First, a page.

1915/6 – Rev J Meridith Jones retired from being a pastor at Alma St BC to take up a post in Cardiff to become secretary of the Baptist Union Sustentation Fund.
1916 – The Jubilee Booklet shows that the Celebrations for 50 years lasted from Sunday Oct 22nd to Monday Oct 30th, 1916. Unfortunately the booklet did not throw a great deal of information of the happenings of the previous 50 years. A quote in the literature said,…. “It is not the purpose of the present effort to trace the history of the Church, nor to record the faith and bravery and growth of the Church numerically and development in the church spiritually”. “Nor to list the persecutions and difficulties which have beset these and their successors….”
1917 – The ordination of Rev Griffith Harris (Port Talbot) as pastor along with Rev T Reeves and co-pastor and leaders in Alma Street Baptist Church took place.
1921 – Rev Edward Elliott became pastor of the church with Rev E.C.Gates as his assistant.
1934 – The Rev H.Luther Jones (of St Helen’s , Swansea) became pastor of Alma St BC . He served as pastor until he was called up to go into the forces as a chaplain in 1939.
1941 – Rev B.J. Allsopp became minister and he was a Bible based sound preacher. He moved on in 1949 when he took up a position in Haverford West.
1956 – John Bennett became the first full time pastor of Alma St BC since the leaving of Rev Allsopp in 1949. He was ordained and inducted as minister in September 1956 (he was aged 27). Some of the back premises ruined during the war, were so unsafe that they had to be demolished. The freehold of the land was purchased. There were thoughts that, one day, a new buildings could be erected in the space. The fortuitous purchase gave the Church in 1970s extra land to negotiate with the Council when considering a new plot for the Church in the redevelopment plans of Pill.
1961 – Mr Harrison preached in Alma St for the first time, he was a well qualified theology student from Oxford. His sermon commended itself to the church leaders and he was invited back in April 1962 to preach with a view to becoming the pastor. A unanimous vote by the church and leaders made this possible and Rev Graham S. Harrison, BA,BD,B.Litt was inducted as pastor in September 1962.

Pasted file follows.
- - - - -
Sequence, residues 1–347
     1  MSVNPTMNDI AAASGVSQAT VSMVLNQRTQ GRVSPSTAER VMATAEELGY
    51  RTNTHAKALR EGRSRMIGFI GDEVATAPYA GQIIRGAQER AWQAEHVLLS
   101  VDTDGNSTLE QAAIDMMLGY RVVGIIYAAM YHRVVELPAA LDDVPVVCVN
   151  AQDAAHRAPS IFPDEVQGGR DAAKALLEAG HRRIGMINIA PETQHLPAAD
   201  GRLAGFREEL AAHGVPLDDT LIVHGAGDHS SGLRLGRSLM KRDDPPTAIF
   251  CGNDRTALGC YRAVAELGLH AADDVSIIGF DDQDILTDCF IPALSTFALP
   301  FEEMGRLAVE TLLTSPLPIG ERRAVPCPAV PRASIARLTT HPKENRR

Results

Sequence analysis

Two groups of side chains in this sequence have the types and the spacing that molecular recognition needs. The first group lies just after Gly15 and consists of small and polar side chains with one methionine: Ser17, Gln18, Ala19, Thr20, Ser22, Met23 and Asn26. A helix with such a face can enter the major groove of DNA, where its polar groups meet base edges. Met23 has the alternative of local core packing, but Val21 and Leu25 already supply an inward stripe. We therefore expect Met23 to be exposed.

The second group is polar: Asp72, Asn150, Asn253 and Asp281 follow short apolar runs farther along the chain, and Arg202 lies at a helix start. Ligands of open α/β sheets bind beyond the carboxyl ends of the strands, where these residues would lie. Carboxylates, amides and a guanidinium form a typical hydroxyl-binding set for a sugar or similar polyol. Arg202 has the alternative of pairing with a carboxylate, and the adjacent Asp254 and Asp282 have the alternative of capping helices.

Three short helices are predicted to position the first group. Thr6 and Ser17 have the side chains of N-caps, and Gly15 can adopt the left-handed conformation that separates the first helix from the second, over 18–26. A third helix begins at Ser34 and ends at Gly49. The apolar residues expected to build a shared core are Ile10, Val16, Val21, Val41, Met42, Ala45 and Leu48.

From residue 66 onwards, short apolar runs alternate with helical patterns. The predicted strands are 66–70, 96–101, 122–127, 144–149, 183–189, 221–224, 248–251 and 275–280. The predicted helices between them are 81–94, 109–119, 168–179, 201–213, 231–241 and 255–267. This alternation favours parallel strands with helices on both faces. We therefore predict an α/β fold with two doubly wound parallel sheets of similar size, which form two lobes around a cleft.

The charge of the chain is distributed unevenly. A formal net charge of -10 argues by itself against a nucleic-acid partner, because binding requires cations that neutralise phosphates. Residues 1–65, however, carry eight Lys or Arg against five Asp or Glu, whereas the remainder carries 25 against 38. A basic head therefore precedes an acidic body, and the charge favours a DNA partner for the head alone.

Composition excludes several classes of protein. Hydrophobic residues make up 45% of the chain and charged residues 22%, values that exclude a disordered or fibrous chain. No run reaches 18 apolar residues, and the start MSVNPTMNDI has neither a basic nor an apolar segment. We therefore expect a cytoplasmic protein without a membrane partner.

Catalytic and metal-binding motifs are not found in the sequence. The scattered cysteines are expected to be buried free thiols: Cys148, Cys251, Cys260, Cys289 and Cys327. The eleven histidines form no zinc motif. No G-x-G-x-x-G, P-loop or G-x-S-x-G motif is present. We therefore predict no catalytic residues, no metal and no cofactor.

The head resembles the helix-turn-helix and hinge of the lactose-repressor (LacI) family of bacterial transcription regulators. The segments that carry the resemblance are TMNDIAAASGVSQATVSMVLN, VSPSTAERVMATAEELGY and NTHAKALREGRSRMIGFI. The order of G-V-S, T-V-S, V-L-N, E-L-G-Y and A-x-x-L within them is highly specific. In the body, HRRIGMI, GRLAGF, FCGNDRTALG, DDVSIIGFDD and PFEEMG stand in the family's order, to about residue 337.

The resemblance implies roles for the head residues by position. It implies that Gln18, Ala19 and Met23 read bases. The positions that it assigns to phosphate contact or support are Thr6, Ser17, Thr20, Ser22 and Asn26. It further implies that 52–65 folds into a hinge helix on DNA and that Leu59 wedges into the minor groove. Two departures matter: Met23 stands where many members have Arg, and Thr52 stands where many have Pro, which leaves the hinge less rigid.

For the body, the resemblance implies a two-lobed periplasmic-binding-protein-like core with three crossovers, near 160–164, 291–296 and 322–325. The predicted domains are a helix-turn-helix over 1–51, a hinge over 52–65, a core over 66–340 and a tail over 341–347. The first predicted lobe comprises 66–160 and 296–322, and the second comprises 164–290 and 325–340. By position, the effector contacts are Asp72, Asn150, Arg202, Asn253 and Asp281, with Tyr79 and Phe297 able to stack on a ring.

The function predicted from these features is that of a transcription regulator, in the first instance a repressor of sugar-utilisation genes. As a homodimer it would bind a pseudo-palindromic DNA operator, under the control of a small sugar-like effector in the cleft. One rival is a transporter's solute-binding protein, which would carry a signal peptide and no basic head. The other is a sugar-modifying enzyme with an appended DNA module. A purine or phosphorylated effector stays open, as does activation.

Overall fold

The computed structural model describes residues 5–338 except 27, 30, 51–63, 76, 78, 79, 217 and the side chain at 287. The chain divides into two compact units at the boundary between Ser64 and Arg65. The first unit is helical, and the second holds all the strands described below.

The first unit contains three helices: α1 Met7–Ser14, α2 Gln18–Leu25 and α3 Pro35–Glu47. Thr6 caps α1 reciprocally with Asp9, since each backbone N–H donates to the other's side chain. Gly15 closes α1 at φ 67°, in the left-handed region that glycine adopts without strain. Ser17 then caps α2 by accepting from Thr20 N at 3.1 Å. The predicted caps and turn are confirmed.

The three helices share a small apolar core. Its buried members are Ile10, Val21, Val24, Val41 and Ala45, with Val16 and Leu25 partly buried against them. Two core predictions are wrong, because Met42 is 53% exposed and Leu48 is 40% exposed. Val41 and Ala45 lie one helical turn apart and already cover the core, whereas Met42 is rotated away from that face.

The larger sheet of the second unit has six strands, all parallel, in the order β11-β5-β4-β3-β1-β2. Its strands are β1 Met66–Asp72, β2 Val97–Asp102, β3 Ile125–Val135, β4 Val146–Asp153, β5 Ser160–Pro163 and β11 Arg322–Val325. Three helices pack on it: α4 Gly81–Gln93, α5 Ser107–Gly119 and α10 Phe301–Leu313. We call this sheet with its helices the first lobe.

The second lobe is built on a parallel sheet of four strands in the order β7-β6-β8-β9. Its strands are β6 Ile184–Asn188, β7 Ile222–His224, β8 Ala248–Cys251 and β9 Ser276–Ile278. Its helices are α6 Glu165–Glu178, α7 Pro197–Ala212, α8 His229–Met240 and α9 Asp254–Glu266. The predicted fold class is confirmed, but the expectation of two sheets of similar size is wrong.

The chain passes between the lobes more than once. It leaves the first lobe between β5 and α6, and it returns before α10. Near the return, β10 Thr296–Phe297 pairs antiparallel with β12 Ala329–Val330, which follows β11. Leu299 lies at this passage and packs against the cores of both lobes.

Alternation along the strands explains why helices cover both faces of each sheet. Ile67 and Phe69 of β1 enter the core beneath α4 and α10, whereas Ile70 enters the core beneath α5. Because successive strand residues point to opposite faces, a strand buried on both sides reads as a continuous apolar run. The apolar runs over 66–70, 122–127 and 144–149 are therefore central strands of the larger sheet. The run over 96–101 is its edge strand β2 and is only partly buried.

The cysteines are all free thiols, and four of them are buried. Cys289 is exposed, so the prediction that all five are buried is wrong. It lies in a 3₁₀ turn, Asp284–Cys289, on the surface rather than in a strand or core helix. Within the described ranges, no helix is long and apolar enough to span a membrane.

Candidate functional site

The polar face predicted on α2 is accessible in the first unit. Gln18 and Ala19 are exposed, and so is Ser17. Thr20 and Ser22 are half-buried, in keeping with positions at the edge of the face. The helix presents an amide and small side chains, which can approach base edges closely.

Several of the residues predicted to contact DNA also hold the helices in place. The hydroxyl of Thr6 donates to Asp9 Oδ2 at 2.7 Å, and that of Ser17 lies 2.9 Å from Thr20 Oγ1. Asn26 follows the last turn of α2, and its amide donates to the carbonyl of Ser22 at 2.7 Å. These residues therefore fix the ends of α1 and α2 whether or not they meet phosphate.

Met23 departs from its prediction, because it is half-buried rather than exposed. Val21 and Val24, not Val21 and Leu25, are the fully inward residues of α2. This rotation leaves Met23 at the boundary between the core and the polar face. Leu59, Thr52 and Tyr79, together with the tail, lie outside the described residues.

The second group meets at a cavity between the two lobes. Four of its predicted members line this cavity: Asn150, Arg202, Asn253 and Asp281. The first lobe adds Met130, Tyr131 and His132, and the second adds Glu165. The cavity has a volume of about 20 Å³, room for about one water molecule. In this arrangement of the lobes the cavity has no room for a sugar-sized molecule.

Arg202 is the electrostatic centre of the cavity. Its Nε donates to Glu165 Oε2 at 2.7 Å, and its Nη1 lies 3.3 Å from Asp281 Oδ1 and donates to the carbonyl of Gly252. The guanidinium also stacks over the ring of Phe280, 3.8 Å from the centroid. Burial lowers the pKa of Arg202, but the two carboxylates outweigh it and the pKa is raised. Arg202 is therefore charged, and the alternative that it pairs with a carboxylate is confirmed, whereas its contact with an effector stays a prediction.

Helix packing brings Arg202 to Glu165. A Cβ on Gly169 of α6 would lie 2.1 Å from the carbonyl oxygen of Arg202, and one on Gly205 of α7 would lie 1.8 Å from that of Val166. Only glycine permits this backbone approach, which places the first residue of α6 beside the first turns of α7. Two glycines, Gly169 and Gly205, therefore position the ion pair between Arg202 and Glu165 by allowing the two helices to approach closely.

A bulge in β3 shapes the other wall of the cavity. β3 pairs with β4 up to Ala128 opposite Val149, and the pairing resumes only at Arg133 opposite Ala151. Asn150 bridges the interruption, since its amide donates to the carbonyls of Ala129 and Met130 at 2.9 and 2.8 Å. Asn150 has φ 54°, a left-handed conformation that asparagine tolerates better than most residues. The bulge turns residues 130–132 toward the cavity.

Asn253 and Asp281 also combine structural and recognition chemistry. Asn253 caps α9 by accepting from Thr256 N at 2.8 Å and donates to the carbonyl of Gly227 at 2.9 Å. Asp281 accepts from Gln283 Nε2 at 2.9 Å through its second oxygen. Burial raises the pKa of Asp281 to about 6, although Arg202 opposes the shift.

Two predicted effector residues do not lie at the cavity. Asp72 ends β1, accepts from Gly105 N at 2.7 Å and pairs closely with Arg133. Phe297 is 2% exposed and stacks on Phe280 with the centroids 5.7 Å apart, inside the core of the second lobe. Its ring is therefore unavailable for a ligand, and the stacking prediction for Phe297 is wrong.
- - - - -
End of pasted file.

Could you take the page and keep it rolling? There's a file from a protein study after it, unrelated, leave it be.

1966 – Rev Harrison was appointed as the Chaplain to the Mayor of Newport, Councillor L.Pardoe Thomas. His relation was the first Pastor of the Alma St Church at its formation in 1866. The official Mayoral service was held in Alma St Church. This link to the Council and recognition of his principles by the Councillors was later to prove a grand opportunity to speak to Councillors when decisions were being made about the redevelopment of the Pill area and the demolishing and rebuilding and relocation of the Church premises.
1970 – The redevelopment of the Pill area was being planned by the Council. Discussions started with the Newport Planning Office about relocation of the church in their planned redevelopment of Pill.
1973 – After much discussion a possible location of the Chapel permises were suggested by the Council in Rutland Place. As no longer on Alma street the process of finding a new name for the church was started and eventually agreed to be ‘Emmanuel Evangelical Church (Baptist)’.
1976 – The last service in the Alma St Church was in April, in some ways it was a sad sight but in other ways it was a relief as the building was costing a lot to maintain. The church moved to use the facilities of the YMCA in Commercial Street.
1977 – In November the New Emmanuel Church was opened. The preachers were Dr Martyn Lloyd Jones and Rev Vernon Higham. Total cost of the new Church Building approx £212,300 as stated when the finances were finally paid in 1980.
At the opening the following statement was made..
‘Above all we would render praise and thanksgiving to Almighty God under whose providential care all this provision has been made. It is our desire to use that which He has entrusted to us for His glory. In an age of uncertainty, confusion and despondency He calls us to make known the unchanging message of the everlasting gospel that is always man’s only hope. His Word, the Bible, is our authority, and its message – of salvation for sinners by His grace and through faith in His eternal Son, the Lord Jesus Christ – is the message that we shall endeavour to proclaim in and from our new home.‘